In soccer/football, a warning given out by the referee to a player for a clearly dangerous or intentionally extra-legal play. The player's name and number are written in the game book by the referee (hence the phrase "being booked"), and an approximately 3" x 4" yellow plastic card is displayed above the referee's head, with the referee facing in the direction of the player being carded.

A player may continue playing after receiving one yellow card; a second yellow card within a single match invokes an automatic red card, meaning ejection. In some leagues, an accumulation of a certain number of yellow cards over a given number of matches can result in suspension for future matches, even if no red was received in any particular match.

The yellow card has a somewhat different meaning for fencing than it does for soccer.

In fencing, a yellow card is an official warning--not a "penalty" per se. The fencer who receives the yellow card is not penalized in any way other than the receiving of the card. If the fencer repeats that same offense (or any other offense that would warrant a yellow card) during the same bout, he will then receive a red card. Yellow cards do not carry over from bout to bout.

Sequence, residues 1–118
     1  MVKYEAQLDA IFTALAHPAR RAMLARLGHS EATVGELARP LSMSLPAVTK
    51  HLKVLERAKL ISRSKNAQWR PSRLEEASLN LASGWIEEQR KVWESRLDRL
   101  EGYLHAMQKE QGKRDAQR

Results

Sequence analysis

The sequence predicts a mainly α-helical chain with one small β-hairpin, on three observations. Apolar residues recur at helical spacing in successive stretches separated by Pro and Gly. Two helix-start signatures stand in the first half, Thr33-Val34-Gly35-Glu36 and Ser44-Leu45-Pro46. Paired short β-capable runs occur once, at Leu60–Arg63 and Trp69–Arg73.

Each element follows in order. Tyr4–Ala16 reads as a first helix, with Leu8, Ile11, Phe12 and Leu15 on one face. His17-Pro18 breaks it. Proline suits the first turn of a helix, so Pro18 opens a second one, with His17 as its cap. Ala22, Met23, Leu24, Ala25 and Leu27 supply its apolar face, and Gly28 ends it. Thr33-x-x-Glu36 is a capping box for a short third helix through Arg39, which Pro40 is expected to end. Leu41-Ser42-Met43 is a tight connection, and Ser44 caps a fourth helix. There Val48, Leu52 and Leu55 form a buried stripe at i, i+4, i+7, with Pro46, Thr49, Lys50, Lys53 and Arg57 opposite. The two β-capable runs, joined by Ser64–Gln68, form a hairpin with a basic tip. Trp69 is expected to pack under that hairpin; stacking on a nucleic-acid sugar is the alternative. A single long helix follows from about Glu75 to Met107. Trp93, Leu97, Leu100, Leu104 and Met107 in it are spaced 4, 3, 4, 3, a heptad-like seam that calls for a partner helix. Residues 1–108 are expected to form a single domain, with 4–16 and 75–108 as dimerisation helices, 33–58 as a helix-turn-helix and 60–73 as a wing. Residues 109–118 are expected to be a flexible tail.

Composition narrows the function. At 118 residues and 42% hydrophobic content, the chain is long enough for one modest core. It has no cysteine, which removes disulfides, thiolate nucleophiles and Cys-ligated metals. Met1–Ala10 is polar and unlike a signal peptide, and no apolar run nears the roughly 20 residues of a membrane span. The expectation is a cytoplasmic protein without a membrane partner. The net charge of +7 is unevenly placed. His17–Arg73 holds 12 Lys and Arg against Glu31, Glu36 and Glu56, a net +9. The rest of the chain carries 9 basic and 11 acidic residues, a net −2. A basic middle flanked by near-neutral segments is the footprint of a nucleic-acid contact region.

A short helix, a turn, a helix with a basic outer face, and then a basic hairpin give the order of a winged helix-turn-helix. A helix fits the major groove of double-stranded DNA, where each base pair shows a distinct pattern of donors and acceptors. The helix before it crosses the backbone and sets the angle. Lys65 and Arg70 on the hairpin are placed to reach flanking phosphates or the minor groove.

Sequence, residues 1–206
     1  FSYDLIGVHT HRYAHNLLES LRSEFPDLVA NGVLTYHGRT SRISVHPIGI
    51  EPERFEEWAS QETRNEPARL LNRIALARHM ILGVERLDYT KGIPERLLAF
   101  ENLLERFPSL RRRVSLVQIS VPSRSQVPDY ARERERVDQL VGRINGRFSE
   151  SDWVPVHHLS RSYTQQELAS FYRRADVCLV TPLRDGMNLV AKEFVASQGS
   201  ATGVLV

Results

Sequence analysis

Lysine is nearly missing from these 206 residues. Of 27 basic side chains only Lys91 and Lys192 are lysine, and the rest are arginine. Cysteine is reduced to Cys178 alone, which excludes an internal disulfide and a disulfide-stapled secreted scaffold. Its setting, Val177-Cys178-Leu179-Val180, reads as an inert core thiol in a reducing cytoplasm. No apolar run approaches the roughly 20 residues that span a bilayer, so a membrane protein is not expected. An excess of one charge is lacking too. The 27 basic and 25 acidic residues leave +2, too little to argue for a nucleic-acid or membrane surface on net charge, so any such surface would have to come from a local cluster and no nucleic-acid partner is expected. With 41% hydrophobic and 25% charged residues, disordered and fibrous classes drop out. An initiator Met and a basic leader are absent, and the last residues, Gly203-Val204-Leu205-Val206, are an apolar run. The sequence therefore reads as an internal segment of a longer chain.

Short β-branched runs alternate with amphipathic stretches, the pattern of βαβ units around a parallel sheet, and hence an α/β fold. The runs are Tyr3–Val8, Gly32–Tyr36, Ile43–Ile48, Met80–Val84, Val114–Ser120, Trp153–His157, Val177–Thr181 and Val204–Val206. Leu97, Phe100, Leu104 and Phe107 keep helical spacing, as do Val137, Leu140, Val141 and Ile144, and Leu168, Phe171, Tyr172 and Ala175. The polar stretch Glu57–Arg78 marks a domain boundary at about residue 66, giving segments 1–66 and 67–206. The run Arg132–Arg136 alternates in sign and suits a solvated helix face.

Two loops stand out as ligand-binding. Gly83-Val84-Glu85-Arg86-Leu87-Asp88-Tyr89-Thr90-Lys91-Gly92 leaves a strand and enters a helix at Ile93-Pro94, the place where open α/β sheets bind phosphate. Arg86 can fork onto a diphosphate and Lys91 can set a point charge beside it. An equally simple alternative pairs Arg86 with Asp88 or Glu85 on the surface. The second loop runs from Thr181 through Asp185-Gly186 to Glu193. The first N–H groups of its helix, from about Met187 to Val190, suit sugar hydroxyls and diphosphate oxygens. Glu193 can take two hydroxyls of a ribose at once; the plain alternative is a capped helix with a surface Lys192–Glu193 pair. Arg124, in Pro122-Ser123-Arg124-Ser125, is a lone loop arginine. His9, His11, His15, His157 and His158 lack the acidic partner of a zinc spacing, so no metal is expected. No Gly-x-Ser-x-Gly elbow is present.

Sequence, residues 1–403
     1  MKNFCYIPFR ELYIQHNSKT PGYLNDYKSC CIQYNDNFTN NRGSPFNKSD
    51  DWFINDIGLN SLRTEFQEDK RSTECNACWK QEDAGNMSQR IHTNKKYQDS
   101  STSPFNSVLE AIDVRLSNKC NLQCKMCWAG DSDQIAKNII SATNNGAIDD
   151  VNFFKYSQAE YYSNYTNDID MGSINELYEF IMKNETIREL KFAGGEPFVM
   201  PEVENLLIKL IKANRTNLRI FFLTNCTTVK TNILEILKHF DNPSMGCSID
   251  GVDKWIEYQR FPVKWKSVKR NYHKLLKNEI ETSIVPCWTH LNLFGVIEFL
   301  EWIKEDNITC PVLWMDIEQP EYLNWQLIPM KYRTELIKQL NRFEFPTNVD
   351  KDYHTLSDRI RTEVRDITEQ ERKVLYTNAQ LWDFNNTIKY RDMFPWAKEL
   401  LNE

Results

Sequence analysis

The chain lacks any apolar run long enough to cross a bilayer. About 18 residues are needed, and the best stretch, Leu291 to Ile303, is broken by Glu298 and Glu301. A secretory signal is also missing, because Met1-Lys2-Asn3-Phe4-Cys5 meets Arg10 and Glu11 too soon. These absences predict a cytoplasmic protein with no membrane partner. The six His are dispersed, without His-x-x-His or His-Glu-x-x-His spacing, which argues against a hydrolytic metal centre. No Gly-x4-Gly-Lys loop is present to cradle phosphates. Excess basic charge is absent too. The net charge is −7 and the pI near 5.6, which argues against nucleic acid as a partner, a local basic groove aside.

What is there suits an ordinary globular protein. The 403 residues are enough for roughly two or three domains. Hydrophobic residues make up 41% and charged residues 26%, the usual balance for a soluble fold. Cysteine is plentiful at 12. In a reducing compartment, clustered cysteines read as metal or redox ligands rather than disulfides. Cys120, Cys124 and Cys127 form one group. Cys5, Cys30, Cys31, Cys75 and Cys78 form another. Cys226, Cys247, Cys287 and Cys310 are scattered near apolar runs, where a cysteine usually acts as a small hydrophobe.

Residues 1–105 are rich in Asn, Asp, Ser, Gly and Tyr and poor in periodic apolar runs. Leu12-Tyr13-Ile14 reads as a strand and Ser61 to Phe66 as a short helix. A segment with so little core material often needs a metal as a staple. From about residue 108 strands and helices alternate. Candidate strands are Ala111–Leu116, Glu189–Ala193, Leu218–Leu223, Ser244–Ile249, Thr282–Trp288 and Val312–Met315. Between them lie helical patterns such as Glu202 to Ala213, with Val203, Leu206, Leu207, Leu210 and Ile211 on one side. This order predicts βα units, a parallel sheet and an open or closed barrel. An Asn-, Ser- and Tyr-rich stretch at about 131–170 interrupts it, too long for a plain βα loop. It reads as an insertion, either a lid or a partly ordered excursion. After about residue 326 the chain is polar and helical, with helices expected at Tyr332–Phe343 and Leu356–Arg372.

Yellow cards are only given for the less serious offenses--others carry with them the penalty of red card or black card for the first offence, with no yellow card given at all.

The most common things a fencer can do to earn a yellow card include falling down, weapons and equipment not working or conforming to regulations, turning his back on the opponent, causing contact (corps a corps) with the other fencer], and refusal to obey the referee.

See the Fencing Penalty Chart for more info.
Yellow Book = Y = yellow wire

yellow card n.

See green card.

--The Jargon File version 4.3.1, ed. ESR, autonoded by rescdsk.

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